Human beings, to say the least, are unpredictable with their behavior. What might evoke a positive reaction at one time, may be perceived as a negative at another time – depending on their frame of mind, which is something no one can guess, unless very close with them.

    That being said, the love we have for others also induces us to feel responsible for reactions, because we normally don’t want to hurt someone intentionally.

    Very complex. 🙂 I guess that as long as we remember the basic four abilities, we can more or less tackle things just fine.

    Very interesting post, Hiten. One we can relate to all the time. Cheers!

    1. Hi Vidya,

      Your comment was absolutely brilliant. The way you explained what happens when we are anxious about the outcome of something we’ve said, is exactly what stops us from truly living in the moment, and keeps our minds whizzing around when interacting with people.

      Indeed, as you say, the love we have for others also causes us to feel responsible for their reactions. However, if we had no intention to hurt others through our words, actions, feelings and thinking, and did so by mistake, then it does us no favours by getting into a bad state about it. It does the other person no favours either, as we are no longer present with what is happening. If it was a mistake, then we can be truly sorry for our mistake and then move on. Of course, it is still easier said than done. And it is even more difficult with those who we are very close with.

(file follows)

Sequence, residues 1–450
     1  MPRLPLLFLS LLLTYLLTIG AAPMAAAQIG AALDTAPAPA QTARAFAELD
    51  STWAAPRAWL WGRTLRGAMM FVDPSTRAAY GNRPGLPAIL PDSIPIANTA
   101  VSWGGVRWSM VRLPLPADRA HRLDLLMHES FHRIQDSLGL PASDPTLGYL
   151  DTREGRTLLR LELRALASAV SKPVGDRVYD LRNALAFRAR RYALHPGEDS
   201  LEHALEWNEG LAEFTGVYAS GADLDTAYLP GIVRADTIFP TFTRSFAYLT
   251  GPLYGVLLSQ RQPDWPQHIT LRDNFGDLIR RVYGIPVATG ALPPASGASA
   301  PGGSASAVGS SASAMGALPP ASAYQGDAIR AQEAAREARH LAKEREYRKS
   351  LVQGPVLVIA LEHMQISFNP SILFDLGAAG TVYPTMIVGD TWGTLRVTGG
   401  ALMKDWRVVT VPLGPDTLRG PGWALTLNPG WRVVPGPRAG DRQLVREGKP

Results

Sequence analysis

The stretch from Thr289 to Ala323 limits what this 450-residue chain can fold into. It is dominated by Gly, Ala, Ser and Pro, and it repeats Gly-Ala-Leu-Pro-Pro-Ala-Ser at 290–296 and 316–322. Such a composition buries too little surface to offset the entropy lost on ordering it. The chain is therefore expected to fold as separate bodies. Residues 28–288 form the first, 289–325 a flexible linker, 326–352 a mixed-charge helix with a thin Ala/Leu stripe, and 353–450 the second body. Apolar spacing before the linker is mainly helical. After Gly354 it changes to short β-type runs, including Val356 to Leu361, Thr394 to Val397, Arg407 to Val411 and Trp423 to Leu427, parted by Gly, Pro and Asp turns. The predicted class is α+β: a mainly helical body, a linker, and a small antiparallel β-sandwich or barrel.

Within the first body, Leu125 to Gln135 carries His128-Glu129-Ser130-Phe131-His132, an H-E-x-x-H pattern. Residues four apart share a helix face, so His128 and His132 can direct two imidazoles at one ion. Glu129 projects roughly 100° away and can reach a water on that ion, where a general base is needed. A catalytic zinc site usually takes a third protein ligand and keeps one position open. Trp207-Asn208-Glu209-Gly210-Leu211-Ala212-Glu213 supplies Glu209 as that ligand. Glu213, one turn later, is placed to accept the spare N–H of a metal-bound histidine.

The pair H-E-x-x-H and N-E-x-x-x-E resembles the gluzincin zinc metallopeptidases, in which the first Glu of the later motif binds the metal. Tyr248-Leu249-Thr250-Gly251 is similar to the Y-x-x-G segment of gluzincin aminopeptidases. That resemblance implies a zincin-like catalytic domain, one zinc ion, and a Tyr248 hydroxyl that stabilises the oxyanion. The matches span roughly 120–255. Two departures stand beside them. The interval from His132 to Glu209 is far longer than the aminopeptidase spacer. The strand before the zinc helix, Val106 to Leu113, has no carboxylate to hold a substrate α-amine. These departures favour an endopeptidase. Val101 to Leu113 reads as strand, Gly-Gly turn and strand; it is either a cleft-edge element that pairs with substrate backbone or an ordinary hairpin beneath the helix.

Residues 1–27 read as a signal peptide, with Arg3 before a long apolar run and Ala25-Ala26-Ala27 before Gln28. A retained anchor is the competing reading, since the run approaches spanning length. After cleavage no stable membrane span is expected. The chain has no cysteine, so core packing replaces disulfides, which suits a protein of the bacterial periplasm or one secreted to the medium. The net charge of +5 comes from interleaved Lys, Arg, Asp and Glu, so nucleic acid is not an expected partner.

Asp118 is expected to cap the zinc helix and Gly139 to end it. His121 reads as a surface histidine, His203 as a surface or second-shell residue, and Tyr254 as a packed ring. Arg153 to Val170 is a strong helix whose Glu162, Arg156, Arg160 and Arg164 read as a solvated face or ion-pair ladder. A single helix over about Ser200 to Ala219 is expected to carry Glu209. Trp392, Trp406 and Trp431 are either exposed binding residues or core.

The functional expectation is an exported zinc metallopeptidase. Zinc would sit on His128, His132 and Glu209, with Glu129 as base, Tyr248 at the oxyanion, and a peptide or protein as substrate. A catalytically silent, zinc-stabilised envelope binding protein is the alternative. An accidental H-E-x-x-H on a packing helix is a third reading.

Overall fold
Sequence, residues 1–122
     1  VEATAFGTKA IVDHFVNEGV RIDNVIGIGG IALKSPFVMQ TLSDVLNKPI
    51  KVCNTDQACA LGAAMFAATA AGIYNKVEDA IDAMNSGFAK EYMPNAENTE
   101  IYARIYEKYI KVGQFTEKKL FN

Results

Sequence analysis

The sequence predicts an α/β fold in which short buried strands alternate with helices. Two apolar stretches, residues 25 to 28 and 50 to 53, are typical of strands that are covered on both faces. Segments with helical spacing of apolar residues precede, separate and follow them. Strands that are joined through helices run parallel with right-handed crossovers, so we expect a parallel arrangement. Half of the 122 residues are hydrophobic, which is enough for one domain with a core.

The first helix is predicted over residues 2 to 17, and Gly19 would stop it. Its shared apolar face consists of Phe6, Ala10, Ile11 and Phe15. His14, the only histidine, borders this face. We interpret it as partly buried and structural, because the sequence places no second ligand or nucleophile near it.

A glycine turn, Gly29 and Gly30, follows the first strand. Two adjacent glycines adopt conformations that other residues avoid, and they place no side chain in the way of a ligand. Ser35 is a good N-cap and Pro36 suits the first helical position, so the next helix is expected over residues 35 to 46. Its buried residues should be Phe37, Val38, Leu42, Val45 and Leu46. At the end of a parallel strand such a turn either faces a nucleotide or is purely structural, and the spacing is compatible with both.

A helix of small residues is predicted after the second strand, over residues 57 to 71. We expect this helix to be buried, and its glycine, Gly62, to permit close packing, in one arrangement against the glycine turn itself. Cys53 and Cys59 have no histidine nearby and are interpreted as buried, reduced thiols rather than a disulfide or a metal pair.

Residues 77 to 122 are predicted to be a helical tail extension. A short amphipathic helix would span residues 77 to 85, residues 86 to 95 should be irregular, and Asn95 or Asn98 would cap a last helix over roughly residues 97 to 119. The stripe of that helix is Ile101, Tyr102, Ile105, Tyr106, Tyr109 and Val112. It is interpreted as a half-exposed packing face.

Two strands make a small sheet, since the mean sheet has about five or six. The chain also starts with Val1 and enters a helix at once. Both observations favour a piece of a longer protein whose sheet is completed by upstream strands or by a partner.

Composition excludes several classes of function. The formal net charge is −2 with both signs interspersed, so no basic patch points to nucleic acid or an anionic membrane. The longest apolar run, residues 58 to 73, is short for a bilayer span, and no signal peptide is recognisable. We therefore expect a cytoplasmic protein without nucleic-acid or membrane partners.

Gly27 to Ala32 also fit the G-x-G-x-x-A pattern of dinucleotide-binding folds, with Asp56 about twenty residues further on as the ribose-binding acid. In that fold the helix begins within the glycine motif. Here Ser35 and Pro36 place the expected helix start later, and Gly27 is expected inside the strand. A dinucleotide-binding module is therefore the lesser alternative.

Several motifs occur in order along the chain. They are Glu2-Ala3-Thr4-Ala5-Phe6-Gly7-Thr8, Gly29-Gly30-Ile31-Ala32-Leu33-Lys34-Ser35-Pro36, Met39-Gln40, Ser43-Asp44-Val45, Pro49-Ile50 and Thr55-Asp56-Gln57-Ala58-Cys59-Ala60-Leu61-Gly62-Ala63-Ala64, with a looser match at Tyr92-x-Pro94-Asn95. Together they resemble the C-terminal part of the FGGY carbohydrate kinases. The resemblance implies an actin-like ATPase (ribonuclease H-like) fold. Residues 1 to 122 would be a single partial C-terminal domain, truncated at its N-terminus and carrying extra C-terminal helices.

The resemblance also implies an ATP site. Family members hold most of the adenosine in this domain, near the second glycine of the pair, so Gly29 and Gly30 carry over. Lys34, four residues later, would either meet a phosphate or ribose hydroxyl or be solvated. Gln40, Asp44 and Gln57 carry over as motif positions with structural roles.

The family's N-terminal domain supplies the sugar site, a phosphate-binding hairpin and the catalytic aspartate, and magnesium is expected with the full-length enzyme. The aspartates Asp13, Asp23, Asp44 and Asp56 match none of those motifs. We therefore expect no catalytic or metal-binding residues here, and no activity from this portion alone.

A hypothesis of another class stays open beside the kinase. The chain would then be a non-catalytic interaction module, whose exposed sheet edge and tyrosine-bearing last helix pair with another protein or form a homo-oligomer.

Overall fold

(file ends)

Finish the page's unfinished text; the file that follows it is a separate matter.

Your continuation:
I agree it is a complex issue. I’m so glad you liked the post and that you could relate to it. I really appreciate you commenting.

      Cheers, Vidya!

  4. Hi Hiten, because of my upbringing, I used to take everyone’s faults as my own. I’d blame myself for everything other people did, thinking I was at fault.

    Thankfully, I’ve grown out of this and realise that I’m only responsible for my own actions. Even if others behave nasty towards me, that’s their responsibility. My responsibility is to still to behave calmly towards them, but without taking the blame for their outburst.

    Thank you so much for including my last post in your article. I really do appreciate it. I’ll also check out the other 2 blogs listed there.

    Thanks for a very inspiring blog post.

    1. Hi Anne,

      The way you explained how you were in the past, is just like I was. For me it was a very difficult way of being, which took a lot of work to get over. I was extremely sensitive and my sense of worth was pretty much dependent on the way other people reacted to me.

      When I look back now, it really is clear how much I’ve changed in this sense.

      I agree we have a responsibility to behave well towards others and just like we would want others to treat us. I think when we develop the capacity to do this and not react all the time; we become more understanding when other people may have outbursts at us. We can just change the meaning of their reaction to “they just haven’t learnt to control their brains yet!”